A lawyer and Senior Advocate of Nigeria, Mike Ozekhome, has explained the judgement of the Supreme Court restraining the Federal Government from implementing the Central Bank of Nigeria’s February 10 ultimatum for the old N200, N500 and N1,000 banknotes to cease being legal tender in the country.
Ozekhome, who featured on Channels Television on Wednesday night said the Supreme Court only paused the implementation of the deadline saying the apex court had not decided on the matter.
He further explained that the apex court gave the judgement so as to prevent the subject matter of the suit from being truncated.
Explaining the development, Ozekhome said, “The Supreme Court has not decided the matter. All it has done is to fall back to a decision like Kotoye vs CBN, that in matters of extreme urgency, you can grant an interim order, even if it be an ex-parte, to prevent the subject matter of the suit being truncated.
“If, for example, the Supreme Court, did not make that order, and the only order existing is that of the High Court, it means that the CBN, by 10th of this month, will stop the use of all old notes.
“But what the Supreme Court has said is, ‘Just wait, let us listen to you people,’ not that it has decided that Zamfara, Kogi and Kaduna states have any valid case that is actionable because the action is already being challenged with a preliminary objection.
“It is another way of saying, ‘Let us first drive away the fox before we blame the fowl for wandering too far into the forest,’” he said.
A seven-man panel of the Supreme Court on Wednesday, led by Justice John Okoro in a unanimous ruling granted an interim injunction restraining the Federal Government from implementing the CBN’s February 10 deadline for the swapping of the old naira notes with the new ones.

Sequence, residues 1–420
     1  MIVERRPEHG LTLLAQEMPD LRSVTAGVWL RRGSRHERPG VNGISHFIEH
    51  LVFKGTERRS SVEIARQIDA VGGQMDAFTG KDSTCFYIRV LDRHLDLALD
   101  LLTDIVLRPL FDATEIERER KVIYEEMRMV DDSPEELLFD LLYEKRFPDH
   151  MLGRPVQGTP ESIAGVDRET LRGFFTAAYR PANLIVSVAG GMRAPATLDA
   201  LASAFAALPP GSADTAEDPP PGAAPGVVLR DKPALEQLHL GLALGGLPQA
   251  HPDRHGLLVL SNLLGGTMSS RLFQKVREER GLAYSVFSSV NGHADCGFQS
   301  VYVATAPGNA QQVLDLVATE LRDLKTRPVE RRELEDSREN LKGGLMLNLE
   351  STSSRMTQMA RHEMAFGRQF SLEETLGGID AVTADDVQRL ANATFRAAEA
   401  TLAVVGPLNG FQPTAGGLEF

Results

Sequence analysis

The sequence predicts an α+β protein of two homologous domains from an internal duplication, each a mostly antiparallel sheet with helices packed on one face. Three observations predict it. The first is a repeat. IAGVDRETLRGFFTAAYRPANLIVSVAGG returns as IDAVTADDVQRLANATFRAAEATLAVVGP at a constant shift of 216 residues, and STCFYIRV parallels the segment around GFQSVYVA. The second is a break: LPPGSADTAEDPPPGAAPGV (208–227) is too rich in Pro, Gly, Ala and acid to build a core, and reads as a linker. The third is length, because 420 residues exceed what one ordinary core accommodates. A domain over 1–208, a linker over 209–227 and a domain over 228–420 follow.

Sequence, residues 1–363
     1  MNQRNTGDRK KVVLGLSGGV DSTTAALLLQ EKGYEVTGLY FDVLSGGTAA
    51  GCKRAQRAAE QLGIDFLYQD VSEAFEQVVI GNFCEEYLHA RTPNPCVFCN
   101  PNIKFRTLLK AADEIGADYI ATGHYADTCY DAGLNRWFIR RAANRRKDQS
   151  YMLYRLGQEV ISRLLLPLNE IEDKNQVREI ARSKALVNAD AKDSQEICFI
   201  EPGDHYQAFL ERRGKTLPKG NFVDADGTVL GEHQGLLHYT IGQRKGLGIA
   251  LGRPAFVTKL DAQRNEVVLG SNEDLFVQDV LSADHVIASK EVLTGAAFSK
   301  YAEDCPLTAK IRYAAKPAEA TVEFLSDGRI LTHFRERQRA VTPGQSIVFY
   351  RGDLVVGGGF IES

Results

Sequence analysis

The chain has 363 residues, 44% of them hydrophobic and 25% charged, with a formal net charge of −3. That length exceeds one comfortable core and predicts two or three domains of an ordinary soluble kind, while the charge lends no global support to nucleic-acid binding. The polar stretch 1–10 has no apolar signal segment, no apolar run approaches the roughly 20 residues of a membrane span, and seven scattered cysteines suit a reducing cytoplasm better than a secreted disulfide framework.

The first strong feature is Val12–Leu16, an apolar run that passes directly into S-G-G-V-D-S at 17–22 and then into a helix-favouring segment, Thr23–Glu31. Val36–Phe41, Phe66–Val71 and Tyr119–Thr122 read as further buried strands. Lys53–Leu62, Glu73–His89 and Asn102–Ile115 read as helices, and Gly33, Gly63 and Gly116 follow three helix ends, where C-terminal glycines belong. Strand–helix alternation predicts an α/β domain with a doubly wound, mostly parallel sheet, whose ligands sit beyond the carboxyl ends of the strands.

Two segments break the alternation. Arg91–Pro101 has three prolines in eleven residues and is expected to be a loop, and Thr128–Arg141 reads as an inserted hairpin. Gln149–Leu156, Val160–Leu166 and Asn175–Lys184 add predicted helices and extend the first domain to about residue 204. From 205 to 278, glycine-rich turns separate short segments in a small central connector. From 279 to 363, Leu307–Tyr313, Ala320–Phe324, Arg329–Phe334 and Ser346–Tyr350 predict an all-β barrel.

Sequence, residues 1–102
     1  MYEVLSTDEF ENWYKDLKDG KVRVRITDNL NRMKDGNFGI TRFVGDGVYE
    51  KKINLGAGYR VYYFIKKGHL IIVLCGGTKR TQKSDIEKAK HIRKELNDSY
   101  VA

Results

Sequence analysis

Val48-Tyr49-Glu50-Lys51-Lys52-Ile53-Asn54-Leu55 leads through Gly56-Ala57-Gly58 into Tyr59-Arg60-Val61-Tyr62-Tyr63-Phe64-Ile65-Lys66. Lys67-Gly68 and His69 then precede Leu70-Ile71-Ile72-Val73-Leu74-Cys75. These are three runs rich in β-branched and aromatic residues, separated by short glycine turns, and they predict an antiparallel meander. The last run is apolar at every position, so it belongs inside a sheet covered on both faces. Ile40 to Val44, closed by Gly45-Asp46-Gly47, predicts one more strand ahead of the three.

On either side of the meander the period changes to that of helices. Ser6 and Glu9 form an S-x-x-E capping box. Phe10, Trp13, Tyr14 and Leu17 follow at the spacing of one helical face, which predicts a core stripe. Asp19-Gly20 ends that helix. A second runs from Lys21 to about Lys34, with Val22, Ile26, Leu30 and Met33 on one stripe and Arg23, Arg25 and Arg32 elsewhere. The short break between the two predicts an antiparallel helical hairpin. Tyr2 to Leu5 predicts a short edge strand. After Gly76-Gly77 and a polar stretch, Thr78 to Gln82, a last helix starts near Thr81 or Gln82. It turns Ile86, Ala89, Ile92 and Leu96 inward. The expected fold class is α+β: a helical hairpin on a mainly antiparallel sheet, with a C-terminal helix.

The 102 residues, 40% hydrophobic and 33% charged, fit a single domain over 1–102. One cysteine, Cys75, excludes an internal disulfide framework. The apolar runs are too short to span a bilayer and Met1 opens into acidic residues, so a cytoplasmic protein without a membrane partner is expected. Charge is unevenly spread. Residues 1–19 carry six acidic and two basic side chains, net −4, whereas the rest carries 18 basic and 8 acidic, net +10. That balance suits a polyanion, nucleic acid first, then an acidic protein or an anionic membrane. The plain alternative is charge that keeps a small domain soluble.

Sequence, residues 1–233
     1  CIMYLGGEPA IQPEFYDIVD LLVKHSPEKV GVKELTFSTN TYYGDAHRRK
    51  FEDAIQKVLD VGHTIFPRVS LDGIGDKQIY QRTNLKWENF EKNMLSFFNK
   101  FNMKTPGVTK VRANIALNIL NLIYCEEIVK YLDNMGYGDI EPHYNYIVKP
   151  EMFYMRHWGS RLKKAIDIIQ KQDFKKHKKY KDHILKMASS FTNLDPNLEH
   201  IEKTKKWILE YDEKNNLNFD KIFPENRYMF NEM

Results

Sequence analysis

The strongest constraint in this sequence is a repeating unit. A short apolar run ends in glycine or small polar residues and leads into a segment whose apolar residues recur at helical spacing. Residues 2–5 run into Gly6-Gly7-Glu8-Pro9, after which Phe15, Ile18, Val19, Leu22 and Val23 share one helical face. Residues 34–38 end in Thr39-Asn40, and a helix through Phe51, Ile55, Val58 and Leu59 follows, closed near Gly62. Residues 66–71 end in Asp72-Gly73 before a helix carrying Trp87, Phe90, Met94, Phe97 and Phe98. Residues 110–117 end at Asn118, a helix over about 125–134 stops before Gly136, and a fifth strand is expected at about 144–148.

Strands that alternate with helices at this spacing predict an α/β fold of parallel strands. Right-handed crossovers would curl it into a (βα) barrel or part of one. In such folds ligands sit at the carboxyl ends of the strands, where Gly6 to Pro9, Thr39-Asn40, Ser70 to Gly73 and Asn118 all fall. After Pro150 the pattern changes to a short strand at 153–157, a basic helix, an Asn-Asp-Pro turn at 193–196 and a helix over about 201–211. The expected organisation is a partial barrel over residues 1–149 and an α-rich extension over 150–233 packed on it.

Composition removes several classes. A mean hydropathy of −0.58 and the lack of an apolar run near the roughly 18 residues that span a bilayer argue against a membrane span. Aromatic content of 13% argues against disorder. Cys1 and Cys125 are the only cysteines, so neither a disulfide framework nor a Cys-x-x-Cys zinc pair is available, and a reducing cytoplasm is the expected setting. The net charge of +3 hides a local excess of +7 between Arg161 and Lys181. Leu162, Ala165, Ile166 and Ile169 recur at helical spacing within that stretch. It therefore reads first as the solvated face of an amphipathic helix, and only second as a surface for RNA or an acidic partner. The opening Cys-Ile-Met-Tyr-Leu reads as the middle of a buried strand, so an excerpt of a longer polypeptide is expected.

A judgement that followed a motion ex-parte on behalf of three northern states Kaduna, Kogi and Zamfara , who on February 3rd filed a suit seeking to halt the implementation of the CBN’s policy.
Media had reported on Monday that a Federal High Court in Abuja stopped the President, Major General Muhammadu Buahri (retd.) alongside the CBN and commercial banks from interfering, suspending or extending the terminal date of February 10 for the expiration of the old naira notes.
Again, Ozekhome explained that other lower courts could not interfere when decisions were being debated at the apex court.
“Notwithstanding the fact that a high court or Federal High Court had granted an order telling the CBN, ‘You can stop this naira swap policy on the 10th of February as you have decided to do’, the Supreme Court today said, ‘Hello? Don’t do that! Allow it to continue. Come back on the 15th of February and let us hear you people,’” he added.
He explained that the apex court’s judgement allows the old and new naira to be in the same position, adding that any decision arrived at by the Supreme Court, will not only affect the three state governments that dragged the FG to court, but all the states of the federation and their attorney-generals.
Ozekhome therefore submitted that, “this is the type of matter in which the Supreme Court should also suo motu, even if they did not apply to be joined, join all the attorneys-general of the federation, so that the matter could be decided once and for all.”